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# Negative Ratios

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Director
Joined: 07 Jun 2004
Posts: 583
Location: PA

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21 Jun 2011, 00:02
Can you have negative in ratios
eg : A : B = 2 : -4

can we extend this to A : B : C = 1 : -3 : - 4 is this possible

is there a rule for using negative ratios

thanks
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Joined: 16 Mar 2011
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21 Jun 2011, 00:55
Hmm interesting.. I didnt see it anywhere though.. Where did you see this?
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21 Jun 2011, 03:14
1
rxs0005 wrote:
Can you have negative in ratios
eg : A : B = 2 : -4

can we extend this to A : B : C = 1 : -3 : - 4 is this possible

is there a rule for using negative ratios

thanks

The following is what I think:

Ratios tell you how big the numbers are with respect to each other when they are both positive. They generally measure real quantities so the negatives don't arise. Let me give an example.

A owes the bank \$2 million.
B owes the bank \$1 million.

A's debt : B's debt = 2:1 which makes sense

Assuming no assets,
A's net worth : B's net worth = -2 : - 1 = 2:1 (multiplying both by -1)
Is A's net worth twice of B's net worth? Certainly not. A has more debt.

So ratios are used only when both the numbers are positive.
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Karishma
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Joined: 23 Aug 2014
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GMAT Date: 11-29-2014

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12 Nov 2014, 05:28
sorry, I dint get the conclusion of the last part.So -ve numbers' ratio does not exist?
In ' The ratio of x to y is 7/9', should I not consider x = -7 and y=-9 too ?
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12 Nov 2014, 06:48
deeuk wrote:
sorry, I dint get the conclusion of the last part.So -ve numbers' ratio does not exist?
In ' The ratio of x to y is 7/9', should I not consider x = -7 and y=-9 too ?

Technically if we are told that the ratio of x to y is 7/9, then x = - 7 and y = -9 are indeed possible values but on the GMAT, ratios always only involve positive quantities. If the question wants to allow for negative values of x and y, the word ratio would not be used in the question at all, but instead it would be said that the value of the fraction x/y is 7/9.

Hope it helps.
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Updated on: 12 Nov 2014, 10:31
Thank you sir/ma'm.. But the reason I looked up negative ratios is because of the solution to the 6th of the seven samurai questions of Fractions/Ratios/Decimals. The question goes like this
Is x < y ?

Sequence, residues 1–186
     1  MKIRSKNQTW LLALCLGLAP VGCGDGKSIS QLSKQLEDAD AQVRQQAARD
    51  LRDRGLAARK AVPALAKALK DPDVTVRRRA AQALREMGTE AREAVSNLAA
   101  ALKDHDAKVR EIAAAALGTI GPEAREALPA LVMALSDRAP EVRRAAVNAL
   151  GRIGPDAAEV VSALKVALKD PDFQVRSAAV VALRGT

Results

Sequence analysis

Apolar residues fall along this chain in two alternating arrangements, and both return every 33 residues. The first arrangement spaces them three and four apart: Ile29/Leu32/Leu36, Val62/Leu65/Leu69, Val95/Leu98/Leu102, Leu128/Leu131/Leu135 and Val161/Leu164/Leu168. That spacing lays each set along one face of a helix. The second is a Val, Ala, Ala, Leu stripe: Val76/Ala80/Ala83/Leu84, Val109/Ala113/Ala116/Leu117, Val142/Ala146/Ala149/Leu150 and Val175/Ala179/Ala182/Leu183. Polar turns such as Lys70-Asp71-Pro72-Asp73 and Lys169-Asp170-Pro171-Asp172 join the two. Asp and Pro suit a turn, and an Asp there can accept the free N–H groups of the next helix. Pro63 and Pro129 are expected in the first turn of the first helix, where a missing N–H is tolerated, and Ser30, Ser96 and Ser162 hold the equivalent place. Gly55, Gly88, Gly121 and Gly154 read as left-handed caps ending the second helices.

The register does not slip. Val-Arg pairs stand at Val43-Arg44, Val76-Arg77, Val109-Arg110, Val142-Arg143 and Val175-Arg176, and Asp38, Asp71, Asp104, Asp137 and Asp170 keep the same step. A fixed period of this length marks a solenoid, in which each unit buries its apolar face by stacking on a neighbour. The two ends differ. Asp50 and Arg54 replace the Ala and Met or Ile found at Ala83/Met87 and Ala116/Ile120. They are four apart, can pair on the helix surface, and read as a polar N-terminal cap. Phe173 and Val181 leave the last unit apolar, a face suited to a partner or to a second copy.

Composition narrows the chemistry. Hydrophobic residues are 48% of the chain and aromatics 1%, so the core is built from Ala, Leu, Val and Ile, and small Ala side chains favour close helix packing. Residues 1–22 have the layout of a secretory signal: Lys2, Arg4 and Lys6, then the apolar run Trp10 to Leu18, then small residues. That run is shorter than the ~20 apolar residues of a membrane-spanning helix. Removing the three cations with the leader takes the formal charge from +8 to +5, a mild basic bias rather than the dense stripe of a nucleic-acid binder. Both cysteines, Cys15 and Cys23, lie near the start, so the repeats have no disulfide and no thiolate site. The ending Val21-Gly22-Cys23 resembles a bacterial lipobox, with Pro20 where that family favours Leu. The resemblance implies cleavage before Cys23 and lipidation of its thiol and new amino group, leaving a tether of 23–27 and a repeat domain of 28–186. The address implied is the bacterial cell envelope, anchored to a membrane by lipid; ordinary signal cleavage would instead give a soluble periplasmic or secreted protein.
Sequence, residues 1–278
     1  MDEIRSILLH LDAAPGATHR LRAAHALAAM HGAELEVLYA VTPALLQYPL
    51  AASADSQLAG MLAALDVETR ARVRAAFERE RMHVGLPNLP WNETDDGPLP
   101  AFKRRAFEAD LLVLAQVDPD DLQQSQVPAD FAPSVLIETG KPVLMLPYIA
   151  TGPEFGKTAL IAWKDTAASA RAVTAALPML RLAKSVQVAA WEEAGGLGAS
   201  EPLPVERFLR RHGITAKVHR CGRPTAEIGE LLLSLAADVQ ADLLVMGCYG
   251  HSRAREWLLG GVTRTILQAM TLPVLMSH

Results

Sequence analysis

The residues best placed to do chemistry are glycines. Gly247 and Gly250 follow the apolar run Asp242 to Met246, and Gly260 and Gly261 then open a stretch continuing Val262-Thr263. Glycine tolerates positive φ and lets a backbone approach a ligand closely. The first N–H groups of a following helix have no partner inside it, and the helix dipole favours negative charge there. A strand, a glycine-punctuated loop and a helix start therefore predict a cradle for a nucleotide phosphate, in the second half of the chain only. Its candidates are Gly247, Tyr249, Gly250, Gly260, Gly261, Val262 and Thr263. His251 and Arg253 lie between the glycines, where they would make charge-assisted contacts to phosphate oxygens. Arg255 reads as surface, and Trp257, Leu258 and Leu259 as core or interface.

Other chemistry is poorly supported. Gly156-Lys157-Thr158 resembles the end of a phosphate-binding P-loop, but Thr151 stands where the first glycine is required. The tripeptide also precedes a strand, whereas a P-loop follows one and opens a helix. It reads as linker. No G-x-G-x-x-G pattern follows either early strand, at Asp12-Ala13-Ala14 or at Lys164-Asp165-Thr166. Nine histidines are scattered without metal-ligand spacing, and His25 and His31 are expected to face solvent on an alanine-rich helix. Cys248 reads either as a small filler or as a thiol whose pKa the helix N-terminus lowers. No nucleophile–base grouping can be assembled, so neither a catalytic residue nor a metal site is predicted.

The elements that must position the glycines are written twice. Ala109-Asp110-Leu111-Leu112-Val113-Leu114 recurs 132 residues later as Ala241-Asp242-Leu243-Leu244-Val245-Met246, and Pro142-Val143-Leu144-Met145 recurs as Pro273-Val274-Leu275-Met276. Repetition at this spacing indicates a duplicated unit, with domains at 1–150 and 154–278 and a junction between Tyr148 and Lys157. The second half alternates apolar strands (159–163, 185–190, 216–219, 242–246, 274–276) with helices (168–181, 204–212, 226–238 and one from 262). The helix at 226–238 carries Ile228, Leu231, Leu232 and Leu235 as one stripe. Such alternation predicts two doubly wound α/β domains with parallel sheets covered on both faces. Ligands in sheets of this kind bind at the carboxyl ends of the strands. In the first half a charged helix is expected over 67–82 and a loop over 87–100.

(1) The ratio of x to y is 7/9.
(2) xy>0
Thanks again

Originally posted by deeuk on 12 Nov 2014, 09:52.
Last edited by deeuk on 12 Nov 2014, 10:31, edited 1 time in total.
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12 Nov 2014, 10:00
deeuk wrote:
Thanks you sir/ma'm.. But the reason I looked up negative ratios is because of the 6th of the seven samurai questions of Fractions/Ratios/Decimals. It goes like this
Is x < y ?
(1) The ratio of x to y is 7/9.
(2) xy>0
Thanks again

The answer to this question is E (discussed here: is-x-y-127437.html) because x=7 and y=9 as well as x=-7 and y=-9 satisfy the statements.

But again, though technically, this question is OK, the GMAT still would put the first statement as "the value of x/y is 7/9".

Anyway, the takeaway is that the real question would not use the word ratio for quantities which are not positive.
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Joined: 23 Aug 2014
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GMAT Date: 11-29-2014

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12 Nov 2014, 10:38
GMAT- ratio quantities are positive, UNLESS they are expressed as a fraction. Got it.
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03 Jul 2017, 08:36
Bunuel wrote:
deeuk wrote:
Thanks you sir/ma'm.. But the reason I looked up negative ratios is because of the 6th of the seven samurai questions of Fractions/Ratios/Decimals. It goes like this
Is x < y ?
(1) The ratio of x to y is 7/9.
(2) xy>0
Thanks again

The answer to this question is E (discussed here: http://gmatclub.com/forum/is-x-y-127437.html) because x=7 and y=9 as well as x=-7 and y=-9 satisfy the statements.

But again, though technically, this question is OK, the GMAT still would put the first statement as "the value of x/y is 7/9".

Anyway, the takeaway is that the real question would not use the word ratio for quantities which are not positive.

Dear Bunuel,
In answering this question I picked up A just because of the word RATIO; in fact I supposed that as we are considering a ratio it is not possible to have a negative multiplier.
So you are basically telling me that my approach is correct and the question is a little bit flawed right?

Thanks a lot!
Re: Negative Ratios   [#permalink] 03 Jul 2017, 08:36
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